Not only does the general public want vaccination proof, mask mandates and social distancing options in sports venues, according to a poll conducted by Seton Hall University, sports fans want them in bigger numbers than the general public -- and avid fans most of all.
Sixty-eight percent of the general population, 72% of those who call themselves sports fans and 77% of self-described avid fans favor designated areas within venues to separate those who wished to maintain social distance seating, according to the poll, whose results were released May 26.
Fifty-three percent of those polled said sports teams should require proof of coronavirus vaccination for admittance to games, the survey said. The numbers went up to 60% for sports fans, and 71% for avid fans.
Asked about wearing masks at sporting events, 52% of those polled said yes, with the numbers rising to 56% of sports fans and 59% of avid fans.
The Seton Hall poll was conducted May 21-24, surveying 1,554 adult respondents throughout the United States. It used a national representative sample weighted according to gender, age, ethnicity, education, income and geography based on U.S. Census Bureau figures. The poll's margin of error is plus or minus 3.2%.
Seton Hall, a Catholic university in South Orange, New Jersey, conducted a similar poll last November, when reports emerged of vaccine successes in clinical trials, but also when few fans -- if any -- were being allowed into stadiums and arenas to see live sports.
Respondents were asked then, "If you were to receive the coronavirus vaccine, would you attend a live outdoor sporting event in-person, with personal protection equipment, socially distancing measures, and restricted attendance?" Half of sports fans said no, with just 39% saying yes. Among all survey respondents, 58% said "no" compared to 28% who said "yes." Non-fans were even more skeptical, with a 73% "no," 8% "yes" response.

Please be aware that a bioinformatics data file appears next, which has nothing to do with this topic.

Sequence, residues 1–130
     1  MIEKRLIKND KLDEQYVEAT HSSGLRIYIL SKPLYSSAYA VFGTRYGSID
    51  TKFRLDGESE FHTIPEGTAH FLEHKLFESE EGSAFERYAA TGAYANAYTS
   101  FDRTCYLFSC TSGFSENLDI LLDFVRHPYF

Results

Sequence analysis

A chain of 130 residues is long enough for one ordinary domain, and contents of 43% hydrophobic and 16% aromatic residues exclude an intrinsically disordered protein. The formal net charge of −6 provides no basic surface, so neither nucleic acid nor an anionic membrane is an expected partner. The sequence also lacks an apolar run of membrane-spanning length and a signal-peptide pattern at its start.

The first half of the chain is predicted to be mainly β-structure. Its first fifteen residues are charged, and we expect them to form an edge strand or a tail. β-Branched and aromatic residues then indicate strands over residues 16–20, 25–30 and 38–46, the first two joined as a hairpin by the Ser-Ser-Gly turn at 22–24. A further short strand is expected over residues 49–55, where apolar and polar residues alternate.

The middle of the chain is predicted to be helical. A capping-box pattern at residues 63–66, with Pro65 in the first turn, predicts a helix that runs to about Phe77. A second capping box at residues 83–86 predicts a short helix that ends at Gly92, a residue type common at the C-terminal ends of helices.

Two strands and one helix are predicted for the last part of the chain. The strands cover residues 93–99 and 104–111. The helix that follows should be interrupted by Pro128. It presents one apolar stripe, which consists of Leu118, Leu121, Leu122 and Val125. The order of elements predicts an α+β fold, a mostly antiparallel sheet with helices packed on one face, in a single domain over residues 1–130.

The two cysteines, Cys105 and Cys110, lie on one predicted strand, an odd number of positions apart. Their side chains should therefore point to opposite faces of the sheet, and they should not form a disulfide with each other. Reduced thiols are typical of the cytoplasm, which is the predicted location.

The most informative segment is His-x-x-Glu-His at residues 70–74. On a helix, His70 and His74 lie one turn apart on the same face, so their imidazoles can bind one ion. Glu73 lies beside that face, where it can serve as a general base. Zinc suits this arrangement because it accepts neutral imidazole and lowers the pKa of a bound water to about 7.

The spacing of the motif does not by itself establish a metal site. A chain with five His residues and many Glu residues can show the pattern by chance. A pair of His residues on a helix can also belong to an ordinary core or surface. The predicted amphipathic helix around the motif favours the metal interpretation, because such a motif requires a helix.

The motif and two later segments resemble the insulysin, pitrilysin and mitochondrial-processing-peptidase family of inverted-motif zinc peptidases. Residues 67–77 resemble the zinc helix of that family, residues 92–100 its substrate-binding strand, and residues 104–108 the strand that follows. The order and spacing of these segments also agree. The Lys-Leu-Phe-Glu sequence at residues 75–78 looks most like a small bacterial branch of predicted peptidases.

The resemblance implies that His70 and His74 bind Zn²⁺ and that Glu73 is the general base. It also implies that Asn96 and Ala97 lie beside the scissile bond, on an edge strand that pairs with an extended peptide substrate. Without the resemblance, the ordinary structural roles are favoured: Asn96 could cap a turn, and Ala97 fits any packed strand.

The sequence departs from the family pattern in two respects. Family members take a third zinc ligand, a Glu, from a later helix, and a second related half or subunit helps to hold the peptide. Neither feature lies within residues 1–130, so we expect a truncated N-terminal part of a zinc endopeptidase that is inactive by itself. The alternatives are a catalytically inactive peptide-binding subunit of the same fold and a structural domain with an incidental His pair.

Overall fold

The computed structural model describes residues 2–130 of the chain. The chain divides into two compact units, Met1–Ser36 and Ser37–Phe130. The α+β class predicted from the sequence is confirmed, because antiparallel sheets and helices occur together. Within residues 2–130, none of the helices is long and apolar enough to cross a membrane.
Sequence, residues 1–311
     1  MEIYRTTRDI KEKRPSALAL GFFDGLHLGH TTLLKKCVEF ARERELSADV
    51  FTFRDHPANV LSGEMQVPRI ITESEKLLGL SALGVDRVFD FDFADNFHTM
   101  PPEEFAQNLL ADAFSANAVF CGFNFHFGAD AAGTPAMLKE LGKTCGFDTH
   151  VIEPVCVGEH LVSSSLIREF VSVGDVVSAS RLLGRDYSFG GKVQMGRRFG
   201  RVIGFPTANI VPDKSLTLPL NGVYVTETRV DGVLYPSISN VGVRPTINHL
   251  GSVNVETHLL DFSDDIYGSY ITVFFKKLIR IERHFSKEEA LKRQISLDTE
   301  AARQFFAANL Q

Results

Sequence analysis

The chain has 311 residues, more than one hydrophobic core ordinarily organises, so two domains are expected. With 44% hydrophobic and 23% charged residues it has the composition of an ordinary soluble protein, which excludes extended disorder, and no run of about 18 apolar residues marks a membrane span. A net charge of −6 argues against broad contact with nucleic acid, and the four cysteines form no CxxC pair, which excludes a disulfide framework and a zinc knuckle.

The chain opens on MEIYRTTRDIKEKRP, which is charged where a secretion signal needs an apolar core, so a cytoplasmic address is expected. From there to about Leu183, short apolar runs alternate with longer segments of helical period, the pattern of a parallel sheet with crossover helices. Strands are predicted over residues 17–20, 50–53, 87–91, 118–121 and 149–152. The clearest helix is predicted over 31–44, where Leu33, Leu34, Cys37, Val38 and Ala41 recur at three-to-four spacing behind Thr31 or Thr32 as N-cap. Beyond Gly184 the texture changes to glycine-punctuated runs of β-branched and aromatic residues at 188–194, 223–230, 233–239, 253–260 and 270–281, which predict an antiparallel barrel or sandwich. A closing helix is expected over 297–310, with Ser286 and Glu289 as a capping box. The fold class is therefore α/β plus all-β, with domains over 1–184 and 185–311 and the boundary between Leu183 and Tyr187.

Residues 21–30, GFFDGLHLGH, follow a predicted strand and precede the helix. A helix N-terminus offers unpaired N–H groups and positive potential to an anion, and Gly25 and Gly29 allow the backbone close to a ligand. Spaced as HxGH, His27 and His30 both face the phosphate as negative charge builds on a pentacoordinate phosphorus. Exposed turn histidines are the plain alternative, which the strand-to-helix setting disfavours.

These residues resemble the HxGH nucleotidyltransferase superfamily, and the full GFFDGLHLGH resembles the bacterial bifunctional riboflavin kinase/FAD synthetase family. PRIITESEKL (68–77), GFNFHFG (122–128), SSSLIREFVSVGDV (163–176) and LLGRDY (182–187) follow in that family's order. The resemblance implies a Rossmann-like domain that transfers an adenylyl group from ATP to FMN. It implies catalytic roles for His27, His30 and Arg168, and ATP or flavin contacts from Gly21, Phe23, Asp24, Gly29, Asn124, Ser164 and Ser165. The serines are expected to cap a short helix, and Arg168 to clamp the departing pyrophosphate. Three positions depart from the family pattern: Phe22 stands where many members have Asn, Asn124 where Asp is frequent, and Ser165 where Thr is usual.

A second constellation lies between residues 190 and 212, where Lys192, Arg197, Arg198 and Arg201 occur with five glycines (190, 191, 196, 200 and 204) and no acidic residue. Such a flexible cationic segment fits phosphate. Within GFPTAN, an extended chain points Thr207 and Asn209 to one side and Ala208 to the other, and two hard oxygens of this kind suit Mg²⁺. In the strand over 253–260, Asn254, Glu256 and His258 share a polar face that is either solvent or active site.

Since then, roughly half of the U.S. population has been fully vaccinated, further clinical trials have shown success in vaccinating adolescents and teenagers, and about 2 million doses are being administered daily.
With the rising numbers, capacity restrictions at venues -- which had been loosened somewhat compared to last season -- are being loosened more and removed. The National Football League said May 25 that its goal this year is to play a full season in full stadiums.
Asked the same question in May, 51% of all respondents said they would attend a live sporting event while 35% said "no." Sports fans said "yes" by a 3-to-1 margin, and non-fans softened their opposition from November's 9-to-1 margin in opposition to 2-to-1 in May.
For indoor sporting events, support was not as strong, as 59% of sports fans said they'd go, but just 43% of all surveyed said yes, and 21% of non-fans.
Asked whether leagues and teams should allow full capacity fan attendance in their stadiums, a plurality of 46% of those surveyed said yes. Sports fans agreed by a 54%-43% margin, but non-fans said no by a 40%-34% margin.
"This is a significant indicator of the trend to return," said a May 26 statement by Charles Grantham, director of the Center for Sport Management within Seton Hall's Stillman School of Business. "Sports fans seem cautiously optimistic, but also seem to favor precautions regardless of the official relaxation of restrictions over the last month."